Wenaha Wildlife Area Visitors' Guide
The development of the WWA began in 1953 with the acquisition of five parcels of land consisting of 4,400 acres. The Department continued to purchase additional lands, acquiring 1,670 acres in 1954 and another 760 acres in 1955. From 1961 to the present the department has purchased or received another 4,219 acres. The wildlife area currently consists of 12,419 acres owned by the department. In addition, the department, through agreements with the Bureau of Land Management (BLM), manage 1,329 acres within or adjacent to the wildlife area.
The WWA was established in response to continuing complaints from landowners concerned with elk damage on private lands during winter months.
Best time to visit: April for viewing migrating flocks of waterfowl including plumaged ducks, geese and swans. April - May for viewing migrant waterbirds and songbirds passing through the area.
Visiting hours: open daily; closed January 1 – March 31 with some exceptions
Wenaha Wildife Area Map (pdf)
What to see and do: Camping, fishing, hunting and excellent wildlife viewing are available. Visitors can see wintering elk, deer and bighorn sheep. Also viewable are bald eagles, Lewis woodpeckers, wild turkey, bluebirds and occasional bears, bobcats and cougars. The best bird watching is during the spring and summer.
- Wildlife: bald eagle, golden eagle, goshawk, red tailed hawk, merlin, prairie falcon, peregrine falcon, osprey, northern harrier, wolves, bobcats, black bears, cougars, coyote, raccoon, striped skunk, steelhead, salmon, rainbow trout, bass, bull trout, mink, otter, beaver, musk rat, Rocky Mountain elk, Rocky Mountain big horn sheep, Rocky Mountain goats, mule deer, white tail deer, moose, great basin fence lizard, great basin gopher snake, valley garter snake, wandering garter snake, northern pacific rattlesnake, rubber boa, weasel, deer mouse, Pacific mole, bushy tailed woodrat, northern pocket gopher, cotton tailed rabbit, snowshoe rabbit, marten, American robin, mountain bluebird, western bluebird, Sparrows, yellow headed blackbird, red winged blackbird, western meadowlark, northern oriole. turkey, blue grouse, ruff grouse, California quail, and chucker.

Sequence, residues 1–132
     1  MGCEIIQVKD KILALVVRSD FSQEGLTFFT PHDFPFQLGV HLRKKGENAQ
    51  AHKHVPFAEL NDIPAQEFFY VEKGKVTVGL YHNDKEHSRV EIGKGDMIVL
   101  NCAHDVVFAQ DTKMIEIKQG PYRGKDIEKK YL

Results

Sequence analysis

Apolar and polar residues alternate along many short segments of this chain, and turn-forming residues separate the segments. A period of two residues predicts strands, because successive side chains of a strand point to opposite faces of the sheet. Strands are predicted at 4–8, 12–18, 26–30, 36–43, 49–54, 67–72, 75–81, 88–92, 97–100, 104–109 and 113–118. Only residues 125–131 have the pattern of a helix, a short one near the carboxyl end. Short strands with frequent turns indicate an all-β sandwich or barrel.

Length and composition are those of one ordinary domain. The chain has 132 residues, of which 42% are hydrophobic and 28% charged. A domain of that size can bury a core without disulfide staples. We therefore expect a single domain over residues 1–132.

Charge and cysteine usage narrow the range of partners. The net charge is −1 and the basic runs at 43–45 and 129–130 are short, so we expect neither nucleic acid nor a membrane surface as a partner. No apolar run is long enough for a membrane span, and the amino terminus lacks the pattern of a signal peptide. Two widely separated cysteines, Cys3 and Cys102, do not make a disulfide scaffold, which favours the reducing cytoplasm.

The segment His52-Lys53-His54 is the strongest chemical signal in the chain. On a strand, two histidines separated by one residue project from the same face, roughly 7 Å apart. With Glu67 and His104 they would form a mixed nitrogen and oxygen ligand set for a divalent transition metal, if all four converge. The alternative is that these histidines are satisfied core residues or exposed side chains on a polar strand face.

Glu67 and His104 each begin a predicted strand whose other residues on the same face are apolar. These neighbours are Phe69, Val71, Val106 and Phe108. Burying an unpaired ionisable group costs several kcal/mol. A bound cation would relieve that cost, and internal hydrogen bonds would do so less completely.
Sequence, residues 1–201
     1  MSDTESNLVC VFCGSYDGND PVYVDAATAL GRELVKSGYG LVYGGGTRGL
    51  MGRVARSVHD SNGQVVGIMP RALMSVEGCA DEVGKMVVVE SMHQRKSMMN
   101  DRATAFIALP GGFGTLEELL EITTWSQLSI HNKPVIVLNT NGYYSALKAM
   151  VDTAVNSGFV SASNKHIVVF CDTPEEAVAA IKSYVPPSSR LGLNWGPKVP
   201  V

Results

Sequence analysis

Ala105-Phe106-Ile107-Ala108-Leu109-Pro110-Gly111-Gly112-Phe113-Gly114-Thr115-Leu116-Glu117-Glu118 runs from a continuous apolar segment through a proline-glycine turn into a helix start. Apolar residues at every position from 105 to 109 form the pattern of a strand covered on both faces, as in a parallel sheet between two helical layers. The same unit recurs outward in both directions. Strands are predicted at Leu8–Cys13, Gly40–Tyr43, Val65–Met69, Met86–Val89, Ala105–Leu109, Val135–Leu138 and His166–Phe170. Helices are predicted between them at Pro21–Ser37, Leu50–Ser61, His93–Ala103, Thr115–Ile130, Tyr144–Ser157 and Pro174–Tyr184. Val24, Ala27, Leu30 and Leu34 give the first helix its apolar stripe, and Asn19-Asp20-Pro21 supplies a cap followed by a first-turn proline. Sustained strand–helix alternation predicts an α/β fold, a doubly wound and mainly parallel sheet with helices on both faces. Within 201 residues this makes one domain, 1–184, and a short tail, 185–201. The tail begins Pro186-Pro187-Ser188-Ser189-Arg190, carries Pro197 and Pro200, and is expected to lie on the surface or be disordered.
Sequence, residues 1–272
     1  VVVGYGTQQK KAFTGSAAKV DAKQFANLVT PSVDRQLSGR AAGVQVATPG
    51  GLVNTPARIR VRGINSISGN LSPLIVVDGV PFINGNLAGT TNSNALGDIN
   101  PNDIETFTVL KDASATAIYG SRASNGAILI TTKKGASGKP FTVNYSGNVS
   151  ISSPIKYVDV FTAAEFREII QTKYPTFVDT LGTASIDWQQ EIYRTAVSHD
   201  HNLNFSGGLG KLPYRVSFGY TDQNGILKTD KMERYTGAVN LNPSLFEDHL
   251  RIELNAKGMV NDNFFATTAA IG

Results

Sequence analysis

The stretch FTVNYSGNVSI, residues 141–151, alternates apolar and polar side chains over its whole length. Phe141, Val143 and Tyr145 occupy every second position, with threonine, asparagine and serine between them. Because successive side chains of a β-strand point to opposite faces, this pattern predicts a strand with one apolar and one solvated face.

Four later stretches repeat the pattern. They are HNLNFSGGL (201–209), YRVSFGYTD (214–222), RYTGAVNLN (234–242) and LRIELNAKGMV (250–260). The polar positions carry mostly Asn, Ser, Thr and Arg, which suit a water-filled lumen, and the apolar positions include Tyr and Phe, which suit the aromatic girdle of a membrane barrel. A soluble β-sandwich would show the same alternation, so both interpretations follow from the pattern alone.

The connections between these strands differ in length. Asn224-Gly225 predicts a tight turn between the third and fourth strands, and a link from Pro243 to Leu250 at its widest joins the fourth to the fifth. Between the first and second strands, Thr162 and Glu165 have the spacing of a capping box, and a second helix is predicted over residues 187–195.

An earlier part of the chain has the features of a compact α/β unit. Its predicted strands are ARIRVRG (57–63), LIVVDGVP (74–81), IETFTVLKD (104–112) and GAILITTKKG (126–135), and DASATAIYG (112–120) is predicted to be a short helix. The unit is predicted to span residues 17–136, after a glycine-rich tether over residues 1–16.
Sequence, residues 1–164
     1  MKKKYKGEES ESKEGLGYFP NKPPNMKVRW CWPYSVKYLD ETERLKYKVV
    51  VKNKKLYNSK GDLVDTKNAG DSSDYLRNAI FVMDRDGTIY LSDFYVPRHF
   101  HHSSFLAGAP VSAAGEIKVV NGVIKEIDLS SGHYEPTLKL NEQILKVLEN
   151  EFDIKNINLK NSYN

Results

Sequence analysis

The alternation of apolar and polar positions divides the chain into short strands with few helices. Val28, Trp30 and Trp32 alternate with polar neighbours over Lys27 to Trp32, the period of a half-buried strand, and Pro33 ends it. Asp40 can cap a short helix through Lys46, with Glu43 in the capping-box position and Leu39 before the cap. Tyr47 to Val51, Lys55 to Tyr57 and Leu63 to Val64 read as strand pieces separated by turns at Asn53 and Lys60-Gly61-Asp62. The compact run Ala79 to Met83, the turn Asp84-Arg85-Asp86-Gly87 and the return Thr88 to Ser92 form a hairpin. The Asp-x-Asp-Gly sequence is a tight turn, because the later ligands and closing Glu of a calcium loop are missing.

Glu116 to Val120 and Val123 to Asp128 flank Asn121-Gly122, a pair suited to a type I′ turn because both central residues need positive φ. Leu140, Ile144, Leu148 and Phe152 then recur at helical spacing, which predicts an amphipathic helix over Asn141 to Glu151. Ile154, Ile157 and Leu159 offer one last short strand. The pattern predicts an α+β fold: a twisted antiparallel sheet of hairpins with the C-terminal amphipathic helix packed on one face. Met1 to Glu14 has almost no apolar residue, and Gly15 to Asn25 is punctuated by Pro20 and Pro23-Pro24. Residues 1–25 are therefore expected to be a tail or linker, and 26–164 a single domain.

- Facilities: campground, fishing, hunting, restrooms, trails
- Nearby: Umatilla National Forest offers camping, fishing, river rafting and a variety of winter activities.
Directions: From Enterprise take hwy 3 north for 35 miles to Flora Junction. Proceed through Flora and follow signs for 13 miles including eight miles of very steep, narrow, gravel road. Take a right onto the Redmond grade bridge and cross the Grande Ronde river and a left onto the river road to Troy. Cross the Wenaha River and bear right at the first "Y." Continue up a steep, narrow gravel road to the first left onto Eden Bench Road.
The wildlife area starts at the first cattle guard and continues on both sides of the road for nine miles to the Forest Service boundary. Eden Bench Road goes through 1.5 miles of private property marked "no trespassing." Eden Bench Road turns into Forest Service Road 6212, which intersects Forest Service Road 62. Turn right on Forest Service Road 62 to return to Troy. These roads are not recommended for passenger car use.
Address and Phone:
Wenaha Wildlife Area
85060 Grande Ronde Road
Enterprise, OR 97828